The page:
For a while now, intermodal – the combination of rail and truck service primarily for carrying long-haul freight – has been on a pretty strong growth track, not in the least due to the ever-increasing capacity crunch in the truckload sector. [You can read more about that trend in a story posted last year here.]
Now, however, a spike in bulk commodity shipments – particularly for moving agricultural products within the U.S. – is putting the squeeze on the railroad capacity so vital to making intermodal service a speedy yet lower cost option for freight moves.
And that’s already creating trouble for everyone involved – railroads, truckers, and shippers alike.
Research firm FTR Transportation Intelligence is going to conduct a webinar on this very subject tomorrow – hosted by one of the best intermodal experts in the field, Larry Gross – to try and winkle out not only what’s causing intermodal service issues but how they might be resolved down the road.
I talked to Eric Starks, FTR’s president, about the challenges facing the intermodal segment right now, and he believes part of the problem centers on maintaining “high service levels” across an increasingly congested rail system.
“Shippers have just assumed that the high service levels they’ve experienced would just keep continuing,” Starks (seen at right) told me by phone. “But now we’re clearly seeing a rebound in shipment demand for other rail-centered commodities like grain, and that’s returning us to a more ‘normal’ rail environment.”
And it doesn’t take much of an uptick in demand to create what he called “bottlenecks” in the rail system. “Take crude-by-rail shipments,” Starks noted. “They only comprise about 5% of the [rail freight] market, but it takes up a lot of resources; it pulls power units [i.e. locomotives] out of the system.”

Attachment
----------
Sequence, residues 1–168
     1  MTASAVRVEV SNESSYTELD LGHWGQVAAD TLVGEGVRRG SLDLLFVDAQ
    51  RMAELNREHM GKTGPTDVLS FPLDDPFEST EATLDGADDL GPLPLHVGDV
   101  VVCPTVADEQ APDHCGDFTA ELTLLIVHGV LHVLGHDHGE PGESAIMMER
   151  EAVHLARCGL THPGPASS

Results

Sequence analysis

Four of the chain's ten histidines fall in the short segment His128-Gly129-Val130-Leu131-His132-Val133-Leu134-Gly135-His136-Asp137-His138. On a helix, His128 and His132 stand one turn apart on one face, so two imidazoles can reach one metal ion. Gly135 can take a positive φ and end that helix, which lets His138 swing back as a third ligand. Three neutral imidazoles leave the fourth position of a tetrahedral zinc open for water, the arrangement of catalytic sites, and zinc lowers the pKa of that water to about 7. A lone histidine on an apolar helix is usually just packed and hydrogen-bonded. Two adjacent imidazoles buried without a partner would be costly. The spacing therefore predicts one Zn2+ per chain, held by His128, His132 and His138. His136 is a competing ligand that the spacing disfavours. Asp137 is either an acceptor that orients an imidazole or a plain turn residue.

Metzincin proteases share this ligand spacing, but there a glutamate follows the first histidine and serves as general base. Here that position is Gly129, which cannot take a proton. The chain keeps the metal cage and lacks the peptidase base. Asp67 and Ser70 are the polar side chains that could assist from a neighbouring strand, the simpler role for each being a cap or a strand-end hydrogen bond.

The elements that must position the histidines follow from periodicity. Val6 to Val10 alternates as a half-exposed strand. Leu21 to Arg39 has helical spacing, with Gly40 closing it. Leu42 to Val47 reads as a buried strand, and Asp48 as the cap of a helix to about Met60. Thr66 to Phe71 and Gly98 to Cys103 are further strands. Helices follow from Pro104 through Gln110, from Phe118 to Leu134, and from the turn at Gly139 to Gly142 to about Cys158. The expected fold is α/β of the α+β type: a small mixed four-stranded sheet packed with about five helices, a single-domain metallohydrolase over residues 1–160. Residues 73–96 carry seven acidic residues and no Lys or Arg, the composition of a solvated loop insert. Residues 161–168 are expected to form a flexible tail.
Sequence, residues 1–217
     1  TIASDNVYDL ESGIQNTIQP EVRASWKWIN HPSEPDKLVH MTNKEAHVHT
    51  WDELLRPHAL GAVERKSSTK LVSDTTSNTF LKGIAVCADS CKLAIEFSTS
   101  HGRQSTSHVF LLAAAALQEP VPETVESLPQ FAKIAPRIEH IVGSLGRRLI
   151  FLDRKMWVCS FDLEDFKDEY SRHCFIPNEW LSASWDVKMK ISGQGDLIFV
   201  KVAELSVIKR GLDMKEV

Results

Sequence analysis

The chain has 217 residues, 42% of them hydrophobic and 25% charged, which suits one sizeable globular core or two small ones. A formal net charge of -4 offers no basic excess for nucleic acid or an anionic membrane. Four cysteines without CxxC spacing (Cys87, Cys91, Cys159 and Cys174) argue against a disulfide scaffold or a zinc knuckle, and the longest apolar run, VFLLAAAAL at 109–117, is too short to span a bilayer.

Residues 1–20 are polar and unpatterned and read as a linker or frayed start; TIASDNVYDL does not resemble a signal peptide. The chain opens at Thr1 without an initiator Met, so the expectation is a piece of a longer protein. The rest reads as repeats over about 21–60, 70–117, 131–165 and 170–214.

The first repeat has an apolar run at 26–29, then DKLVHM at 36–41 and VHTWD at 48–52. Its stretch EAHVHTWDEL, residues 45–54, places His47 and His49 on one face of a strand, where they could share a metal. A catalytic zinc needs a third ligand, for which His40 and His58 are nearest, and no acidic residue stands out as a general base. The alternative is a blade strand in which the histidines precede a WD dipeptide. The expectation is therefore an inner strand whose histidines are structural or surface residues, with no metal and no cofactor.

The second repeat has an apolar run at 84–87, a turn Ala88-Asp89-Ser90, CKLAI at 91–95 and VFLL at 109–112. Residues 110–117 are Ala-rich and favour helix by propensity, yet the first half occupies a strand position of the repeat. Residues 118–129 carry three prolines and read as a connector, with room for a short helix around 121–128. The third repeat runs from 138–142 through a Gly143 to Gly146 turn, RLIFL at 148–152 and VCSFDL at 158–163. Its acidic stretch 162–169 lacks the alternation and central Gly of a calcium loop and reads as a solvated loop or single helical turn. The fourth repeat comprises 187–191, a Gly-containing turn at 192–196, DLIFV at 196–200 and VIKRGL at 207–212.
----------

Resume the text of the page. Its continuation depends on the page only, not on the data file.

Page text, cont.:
An added problem is that drayage fleets – the truckers that move freight to and from the rail heads – are now finding it difficult to find drivers, which is creating something of a secondary capacity crunch within the intermodal sector.
“Typically, it’s easier to find drayage drivers because it’s short haul and they get to stay close to home,” Starks said. “Now all of a sudden they can’t find enough of them.”
All of those issues pose problems for a freight mode that, while still small relative to volumes carried by the rail and trucking sectors, is becoming more attractive to U.S. shippers.
For example, check out these data points compiled by DAT Solutions:
That being said, DAT’s analysis also indicated that small, over-the-road fleets can be successful if they are able to handle longer-distance drayage operations, or if they focus strategically on lanes and cargo types that don't lend themselves readily to intermodal.
And if you feel like it’s “déjà vu all over again” as to what the trucking industry experienced between 2002 and 2010 – much less the fuel economy mandates issued on top of those clean air rules these last few years – you would not be mistaken.
In something of a re-run of what trucking went through, the major manufacturers of locomotive engines are racing the clock to get emission compliant products tested and ready for the market – adding yet another dash of complexity to the challenges intermodal now faces.
“This could be a noticeable wrinkle in things, but we just don’t know yet,” FTR’s Starks told me. “But the emission control issue within the railroad industry is going to be a longer-term factor.”
It’ll certainly be interesting to see how all of this plays out in the intermodal space – and how it ultimately affects trucking.